In last week’s article, I explained the impact on the international and local bond markets from recent monetary policy statements as well as political developments in the US. Naturally, these events also influenced the currency markets.
As a start, it is worth recalling that currencies are valued against one another and therefore the performance of a currency signifies relative strength or weakness against another currency. The two most common exchange rates tracked by Maltese investors is the EUR vs USD and the EUR vs GBP. As such, movements of the EUR vs USD exchange rate are dependent on political and economic factors in Europe and also the US while movements in the value of Sterling against the euro are dependent on factors affecting the UK economy as well as developments across the Eurozone.
Within this context, the increase in the value of the euro against the US Dollar in 2017 has been remarkable. The euro had been strengthening against the US Dollar in recent months due to the economic recovery across the Eurozone, the timing of the anticipated reduction of the quantitative easing programme by the European Central Bank (ECB), heightened political uncertainty in the US as well as occasional comments by the US President Donald Trump that the value of the US Dollar is too high against the euro which in turn hurts American exporters. The single currency had traded up to a level of USD1.15 just prior to the ECB monetary policy meeting held last Thursday 20 July 2017, representing a gain of over 11% from the 2017 low of USD1.0339 touched on 3 January 2017.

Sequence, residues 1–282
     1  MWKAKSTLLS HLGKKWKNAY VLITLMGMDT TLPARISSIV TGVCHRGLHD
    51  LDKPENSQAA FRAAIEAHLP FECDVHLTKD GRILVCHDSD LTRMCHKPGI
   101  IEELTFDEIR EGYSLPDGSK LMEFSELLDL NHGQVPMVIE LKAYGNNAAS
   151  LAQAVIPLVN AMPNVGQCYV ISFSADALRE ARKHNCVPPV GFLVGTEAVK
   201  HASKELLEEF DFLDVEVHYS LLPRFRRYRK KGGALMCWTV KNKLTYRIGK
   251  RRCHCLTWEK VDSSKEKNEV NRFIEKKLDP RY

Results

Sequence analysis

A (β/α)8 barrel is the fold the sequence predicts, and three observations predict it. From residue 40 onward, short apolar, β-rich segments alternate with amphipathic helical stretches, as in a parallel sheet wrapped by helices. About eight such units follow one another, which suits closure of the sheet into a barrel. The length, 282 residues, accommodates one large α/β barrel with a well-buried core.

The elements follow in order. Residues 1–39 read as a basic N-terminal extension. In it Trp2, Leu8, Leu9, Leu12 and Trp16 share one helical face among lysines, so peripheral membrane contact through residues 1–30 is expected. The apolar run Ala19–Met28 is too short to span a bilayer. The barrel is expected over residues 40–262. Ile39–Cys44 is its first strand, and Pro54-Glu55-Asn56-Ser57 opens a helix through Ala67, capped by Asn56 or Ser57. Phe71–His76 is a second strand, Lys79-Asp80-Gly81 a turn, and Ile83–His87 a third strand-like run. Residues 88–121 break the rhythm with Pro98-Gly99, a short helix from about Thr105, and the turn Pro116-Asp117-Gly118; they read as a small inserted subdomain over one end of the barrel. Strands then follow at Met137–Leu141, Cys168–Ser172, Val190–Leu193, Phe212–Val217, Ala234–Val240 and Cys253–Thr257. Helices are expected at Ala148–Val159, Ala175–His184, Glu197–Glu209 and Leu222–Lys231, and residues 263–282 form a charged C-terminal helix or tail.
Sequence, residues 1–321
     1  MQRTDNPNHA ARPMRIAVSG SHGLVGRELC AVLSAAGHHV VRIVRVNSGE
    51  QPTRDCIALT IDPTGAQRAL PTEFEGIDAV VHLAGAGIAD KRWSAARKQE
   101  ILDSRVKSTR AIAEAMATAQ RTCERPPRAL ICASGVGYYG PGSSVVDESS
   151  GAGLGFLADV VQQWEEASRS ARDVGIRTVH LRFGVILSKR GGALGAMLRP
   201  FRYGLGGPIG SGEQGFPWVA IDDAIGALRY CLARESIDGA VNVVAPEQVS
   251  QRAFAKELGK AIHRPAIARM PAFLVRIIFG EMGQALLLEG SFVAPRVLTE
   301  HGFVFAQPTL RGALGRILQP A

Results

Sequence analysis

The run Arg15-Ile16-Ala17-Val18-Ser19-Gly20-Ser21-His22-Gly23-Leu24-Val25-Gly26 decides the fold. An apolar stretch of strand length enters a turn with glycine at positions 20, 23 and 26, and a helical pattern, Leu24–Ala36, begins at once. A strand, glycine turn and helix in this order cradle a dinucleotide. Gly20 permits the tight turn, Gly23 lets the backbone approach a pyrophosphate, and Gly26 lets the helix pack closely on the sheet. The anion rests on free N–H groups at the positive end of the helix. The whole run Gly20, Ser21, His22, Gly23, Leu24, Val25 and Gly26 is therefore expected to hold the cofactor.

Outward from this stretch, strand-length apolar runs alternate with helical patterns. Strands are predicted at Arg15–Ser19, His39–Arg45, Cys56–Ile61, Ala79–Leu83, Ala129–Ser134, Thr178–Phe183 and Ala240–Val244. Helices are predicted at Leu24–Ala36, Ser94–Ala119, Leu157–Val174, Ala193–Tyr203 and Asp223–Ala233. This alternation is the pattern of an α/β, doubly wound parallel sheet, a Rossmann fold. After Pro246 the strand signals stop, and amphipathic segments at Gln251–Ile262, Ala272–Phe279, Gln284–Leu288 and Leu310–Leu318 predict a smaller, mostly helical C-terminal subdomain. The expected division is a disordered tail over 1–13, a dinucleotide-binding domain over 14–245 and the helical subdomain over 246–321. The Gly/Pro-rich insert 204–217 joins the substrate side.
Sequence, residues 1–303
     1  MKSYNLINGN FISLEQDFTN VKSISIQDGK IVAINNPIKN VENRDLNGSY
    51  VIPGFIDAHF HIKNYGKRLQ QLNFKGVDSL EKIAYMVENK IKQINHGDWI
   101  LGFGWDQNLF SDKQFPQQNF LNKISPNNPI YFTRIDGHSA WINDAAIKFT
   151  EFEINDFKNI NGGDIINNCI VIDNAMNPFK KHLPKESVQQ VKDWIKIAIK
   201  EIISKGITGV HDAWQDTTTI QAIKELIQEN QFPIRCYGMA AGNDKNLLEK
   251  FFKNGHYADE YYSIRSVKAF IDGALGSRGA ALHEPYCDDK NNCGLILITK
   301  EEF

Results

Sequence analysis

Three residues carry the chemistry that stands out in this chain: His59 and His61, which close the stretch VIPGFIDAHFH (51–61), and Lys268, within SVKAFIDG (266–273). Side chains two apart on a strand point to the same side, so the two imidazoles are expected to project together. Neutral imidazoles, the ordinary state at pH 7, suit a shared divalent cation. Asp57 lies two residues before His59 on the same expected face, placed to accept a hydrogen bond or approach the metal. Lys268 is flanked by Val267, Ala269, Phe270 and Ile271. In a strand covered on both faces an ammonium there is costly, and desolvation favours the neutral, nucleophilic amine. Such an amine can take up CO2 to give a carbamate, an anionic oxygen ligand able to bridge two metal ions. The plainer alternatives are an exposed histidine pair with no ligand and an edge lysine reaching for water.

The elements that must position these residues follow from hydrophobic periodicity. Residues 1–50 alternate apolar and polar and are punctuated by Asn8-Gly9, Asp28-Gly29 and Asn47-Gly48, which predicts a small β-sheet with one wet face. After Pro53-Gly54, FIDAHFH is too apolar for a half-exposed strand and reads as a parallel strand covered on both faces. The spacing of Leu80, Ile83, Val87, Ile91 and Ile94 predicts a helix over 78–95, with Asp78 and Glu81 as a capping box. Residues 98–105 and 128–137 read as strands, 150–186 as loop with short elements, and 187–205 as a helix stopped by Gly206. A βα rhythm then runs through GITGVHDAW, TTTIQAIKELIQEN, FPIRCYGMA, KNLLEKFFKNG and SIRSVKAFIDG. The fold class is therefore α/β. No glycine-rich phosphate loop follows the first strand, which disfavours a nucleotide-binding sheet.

The ECB’s monetary policy meeting which was held last Thursday was another key event for bond as well as currency markets. The ECB left its monetary policy unchanged and it also maintained the possibility of increasing its monthly purchases of assets. The ECB also noted that its current quantitative-easing programme of €60 billion per month will continue until the end of December 2017 “or beyond, if necessary” amid concerns that a tighter monetary policy could endanger the economic revival of the single currency area. Furthermore, the ECB added that it “continues to expect the key ECB interest rates to remain at present or lower levels for an extended period of time, and well past the horizon of the net asset purchases.”